University of Miami Business Law Review

Document Type



Aside from Google Play, Apple’s App Store is where the majority of apps are downloaded from across the world. Recently, Apple has faced scrutiny for its management of the App Store and the control Apple has over the market due to the lack of competition. Additionally, developers have criticized the 30% fee Apple charges them for in-app purchases. The recent ruling by the Northern District of California in Epic Games, Inc. v. Apple, Inc., 559 F. Supp. 3d 898 (N.D. Cal. 2021) addressed this issue and issued an injunction allowing the possibility for developers to direct consumers to external links to subscribe or make purchases which could allow the developers to circumvent Apple’s high commission rates.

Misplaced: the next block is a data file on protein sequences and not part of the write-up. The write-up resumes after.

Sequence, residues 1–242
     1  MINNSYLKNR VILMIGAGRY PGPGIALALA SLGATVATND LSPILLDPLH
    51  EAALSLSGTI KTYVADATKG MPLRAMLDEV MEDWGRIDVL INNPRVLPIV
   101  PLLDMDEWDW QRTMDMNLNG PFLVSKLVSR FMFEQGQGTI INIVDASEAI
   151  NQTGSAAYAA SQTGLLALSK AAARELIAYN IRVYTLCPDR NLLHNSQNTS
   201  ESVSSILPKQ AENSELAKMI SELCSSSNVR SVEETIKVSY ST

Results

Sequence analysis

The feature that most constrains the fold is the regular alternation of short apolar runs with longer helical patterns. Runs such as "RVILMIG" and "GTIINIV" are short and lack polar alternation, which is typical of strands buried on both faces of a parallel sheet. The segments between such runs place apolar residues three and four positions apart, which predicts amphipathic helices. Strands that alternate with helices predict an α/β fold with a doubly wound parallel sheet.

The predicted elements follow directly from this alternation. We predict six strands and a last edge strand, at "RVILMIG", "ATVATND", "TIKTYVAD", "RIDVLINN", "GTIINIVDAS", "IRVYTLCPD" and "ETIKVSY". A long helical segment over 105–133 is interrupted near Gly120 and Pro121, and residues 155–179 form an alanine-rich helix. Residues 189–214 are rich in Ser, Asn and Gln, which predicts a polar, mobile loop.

In Epic Games, Inc. v. Apple, Inc., the court held Apple was not an antitrust monopolist in the market of mobile gaming transactions under the Sherman Act; however, Apple’s anti-steering restrictions were held to be anticompetitive and unlawful under the unfair prong of California’s Unfair Competition Law. This Comment analyzes how the Northern District of California correctly applied prior law in its holding that Epic Games failed to satisfy the rule of reason test to prove Apple’s app distribution restrictions were anticompetitive effects that were harmful to consumers and unlawful under § 1 of the Sherman Act. While Apple’s app distribution restrictions did have anticompetitive effects, Apple was able to validate the anticompetitive effects with security, interbrand competition, and intellectual property as valid procompetitive justifications since the justifications enhance consumer appeal and make Apple more competitive to brands like Google. Additionally, this Comment focuses on how the court correctly ruled Apple’s anti-steering provisions threaten an incipient violation of an antitrust law under California’s Unfair Competition Law since the anti-steering provisions lack a valid procompetitive rationale and block communications about lower prices on other platforms to consumers. Going forward, this case provides implications on how future developers should structure their arguments when pursuing litigation against companies with significant market power, namely Apple and Google. The fact Apple was granted an injunction for its anti-steering provisions under the California Unfair Competition Law but was not considered to be in violation of § 1 of the Sherman Act may reveal that developers are better off framing their arguments as “incipient violations of antitrust law” rather than more broadly through the Sherman Act § 1 unfair restraint of trade.